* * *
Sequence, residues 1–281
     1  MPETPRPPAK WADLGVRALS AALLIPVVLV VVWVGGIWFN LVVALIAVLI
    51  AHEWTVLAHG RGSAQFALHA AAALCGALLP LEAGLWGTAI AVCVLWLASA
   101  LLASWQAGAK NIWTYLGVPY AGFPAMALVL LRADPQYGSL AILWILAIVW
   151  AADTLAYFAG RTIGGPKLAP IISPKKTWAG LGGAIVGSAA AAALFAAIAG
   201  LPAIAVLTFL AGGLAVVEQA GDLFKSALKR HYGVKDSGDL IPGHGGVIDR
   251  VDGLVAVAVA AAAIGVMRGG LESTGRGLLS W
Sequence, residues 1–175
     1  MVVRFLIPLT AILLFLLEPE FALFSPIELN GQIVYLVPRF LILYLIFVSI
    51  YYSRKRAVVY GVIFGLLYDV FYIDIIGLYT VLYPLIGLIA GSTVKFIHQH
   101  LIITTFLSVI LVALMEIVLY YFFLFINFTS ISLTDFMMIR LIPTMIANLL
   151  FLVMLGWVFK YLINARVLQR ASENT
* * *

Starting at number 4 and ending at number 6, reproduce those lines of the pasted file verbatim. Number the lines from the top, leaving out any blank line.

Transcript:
   101  LLASWQAGAK NIWTYLGVPY AGFPAMALVL LRADPQYGSL AILWILAIVW
   151  AADTLAYFAG RTIGGPKLAP IISPKKTWAG LGGAIVGSAA AAALFAAIAG
   201  LPAIAVLTFL AGGLAVVEQA GDLFKSALKR HYGVKDSGDL IPGHGGVIDR